OMG Chickpea Nuggets!

This recipe, originally Chickpea Cutlets from Veganomicon, has taken internet blogs by storm.  Everyone speaks of this Veganomicon Chickpea/wheat gluten hybrid as if it’s better than God’s own supply of puffy cheeze balls.  Really, going fucking crazy about its deliciousness.  I have never made it before.  I made it today. 

I. love. these. nuggets. 

I think I’ve found the food I’m bringing to share at the picnic this Sunday. 

The chickpeas make them crispy on the outside; the vital wheat gluten makes them chewy on the inside.

Seriously. Good.

Chickpea nuggets

 

Red thought they were perfect little vessels for ketchup and mustard.  While I love drowning just about anything in a healthy helping of the red and yellow stuff, I thought that, in this case, the delicate and delicious balance of herbs and spices of the nuggets were overpowered by said red and yellow stuff.  In my opinion, they were perfectly complemented by something sweet.  In my case, honey.  But in the case of a vegan, perhaps agave nectar or maple syrup.  I’m thinking they will be fabulous fo deffs with some homemade BBQ sauce. 

Ingredients

  • 1 c cooked chickpeas
  • 2 tbsp olive oil
  • 1/2 c vital wheat gluten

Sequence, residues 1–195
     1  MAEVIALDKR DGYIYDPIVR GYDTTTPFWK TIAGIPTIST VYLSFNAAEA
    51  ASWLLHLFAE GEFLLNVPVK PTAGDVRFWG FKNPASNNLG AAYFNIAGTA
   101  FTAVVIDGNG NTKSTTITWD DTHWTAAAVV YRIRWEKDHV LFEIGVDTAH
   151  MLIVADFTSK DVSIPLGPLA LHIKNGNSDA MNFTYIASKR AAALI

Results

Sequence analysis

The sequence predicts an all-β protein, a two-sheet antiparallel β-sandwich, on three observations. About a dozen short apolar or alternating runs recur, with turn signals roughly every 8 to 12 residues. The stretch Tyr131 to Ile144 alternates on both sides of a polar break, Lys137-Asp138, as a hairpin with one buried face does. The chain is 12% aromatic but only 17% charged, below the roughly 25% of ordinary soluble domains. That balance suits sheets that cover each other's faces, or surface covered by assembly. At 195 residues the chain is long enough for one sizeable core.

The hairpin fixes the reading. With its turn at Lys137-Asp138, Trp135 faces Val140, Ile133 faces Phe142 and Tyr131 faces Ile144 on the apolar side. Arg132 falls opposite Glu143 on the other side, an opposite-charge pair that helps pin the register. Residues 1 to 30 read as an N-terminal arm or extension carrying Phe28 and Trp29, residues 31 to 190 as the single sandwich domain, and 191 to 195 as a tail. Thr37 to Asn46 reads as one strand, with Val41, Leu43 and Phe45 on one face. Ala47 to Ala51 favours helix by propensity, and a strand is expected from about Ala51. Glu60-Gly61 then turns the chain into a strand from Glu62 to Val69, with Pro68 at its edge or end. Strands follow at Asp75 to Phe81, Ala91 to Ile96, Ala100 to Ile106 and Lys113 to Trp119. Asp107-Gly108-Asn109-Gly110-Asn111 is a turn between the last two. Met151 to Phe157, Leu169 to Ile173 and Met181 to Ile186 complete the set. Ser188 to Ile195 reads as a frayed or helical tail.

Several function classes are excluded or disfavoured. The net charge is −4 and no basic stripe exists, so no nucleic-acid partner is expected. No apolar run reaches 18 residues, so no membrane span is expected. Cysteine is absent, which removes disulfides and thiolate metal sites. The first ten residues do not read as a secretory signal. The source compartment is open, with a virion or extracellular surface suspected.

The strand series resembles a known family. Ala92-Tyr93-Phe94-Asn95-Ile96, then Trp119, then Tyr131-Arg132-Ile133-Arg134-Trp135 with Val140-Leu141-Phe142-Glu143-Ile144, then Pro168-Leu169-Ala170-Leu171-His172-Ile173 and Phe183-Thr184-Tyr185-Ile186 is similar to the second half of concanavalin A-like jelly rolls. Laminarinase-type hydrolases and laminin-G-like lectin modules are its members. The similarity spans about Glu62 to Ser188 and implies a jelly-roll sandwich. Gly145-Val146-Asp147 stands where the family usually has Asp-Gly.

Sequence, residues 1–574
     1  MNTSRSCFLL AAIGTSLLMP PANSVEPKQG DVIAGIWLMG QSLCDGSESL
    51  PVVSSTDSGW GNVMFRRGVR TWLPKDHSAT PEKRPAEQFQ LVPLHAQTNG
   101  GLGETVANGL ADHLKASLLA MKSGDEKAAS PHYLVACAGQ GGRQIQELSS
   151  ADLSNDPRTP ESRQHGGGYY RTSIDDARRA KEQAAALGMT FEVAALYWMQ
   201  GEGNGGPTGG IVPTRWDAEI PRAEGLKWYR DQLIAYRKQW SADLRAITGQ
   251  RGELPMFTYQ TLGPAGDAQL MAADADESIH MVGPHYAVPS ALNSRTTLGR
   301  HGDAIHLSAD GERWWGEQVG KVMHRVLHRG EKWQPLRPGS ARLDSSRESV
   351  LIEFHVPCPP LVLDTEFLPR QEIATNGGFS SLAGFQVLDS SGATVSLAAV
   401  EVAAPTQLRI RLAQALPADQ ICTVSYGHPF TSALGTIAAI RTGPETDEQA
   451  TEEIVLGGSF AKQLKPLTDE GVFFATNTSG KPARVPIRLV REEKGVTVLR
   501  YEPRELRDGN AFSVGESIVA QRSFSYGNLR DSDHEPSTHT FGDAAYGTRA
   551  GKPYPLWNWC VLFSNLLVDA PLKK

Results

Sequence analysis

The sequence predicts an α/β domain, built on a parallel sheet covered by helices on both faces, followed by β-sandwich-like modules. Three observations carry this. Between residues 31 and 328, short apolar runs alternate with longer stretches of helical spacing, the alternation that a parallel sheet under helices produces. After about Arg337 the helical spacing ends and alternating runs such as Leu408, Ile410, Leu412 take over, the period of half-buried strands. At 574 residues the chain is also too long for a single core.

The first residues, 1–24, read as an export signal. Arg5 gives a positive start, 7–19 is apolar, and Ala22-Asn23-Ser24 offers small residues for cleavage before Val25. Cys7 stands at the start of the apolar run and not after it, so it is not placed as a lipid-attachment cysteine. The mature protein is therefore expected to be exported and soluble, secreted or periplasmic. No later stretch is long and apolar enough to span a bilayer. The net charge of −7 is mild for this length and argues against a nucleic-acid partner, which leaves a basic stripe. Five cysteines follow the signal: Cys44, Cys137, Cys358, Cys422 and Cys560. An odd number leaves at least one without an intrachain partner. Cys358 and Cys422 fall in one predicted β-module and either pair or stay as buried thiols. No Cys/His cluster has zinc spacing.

• 1/2 c bread crumbs
  • 1/4 c vegetable broth (or water)
  • 2 tbsp soy sauce (sub veggie worcestershire sauce or just some plain ol’ salt, I guess, if you need to be soy-free)
  • 1/2 tsp lemon zest (I didn’t have this and just squirted in a bit of lemon juice.)
  • 1/2 tsp dried thyme
  • 1/2 tsp dried sweet Hungarian paprika
  • 1/4 tsp dried sage
  • additional oil for frying or baking

Step one Mash the hell out of the chickpeas with the oil until there’s no identifiable chickpea matter left.

Step two Combine the rest of the dry ingredients in a bowl and stir through.  Add this to the mashed chickpeas.  Then add the wet ingredients and stir well to combine.  Knead the mixture in the bowl until the gluten strands begin to form and hold everything together (about three minutes).

Step three Divide the dough into little chunks and form them into little balls, then flatten into nugget shapes.  Rub a bit of olive oil on both sides of the nuggets and place them on a baking sheet.

Step four Bake for 20 minutes on 200C.  Flip nuggets and bake for an additional 8-10 minutes. 

Serve. 

Mmmm…

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Jerk Tofu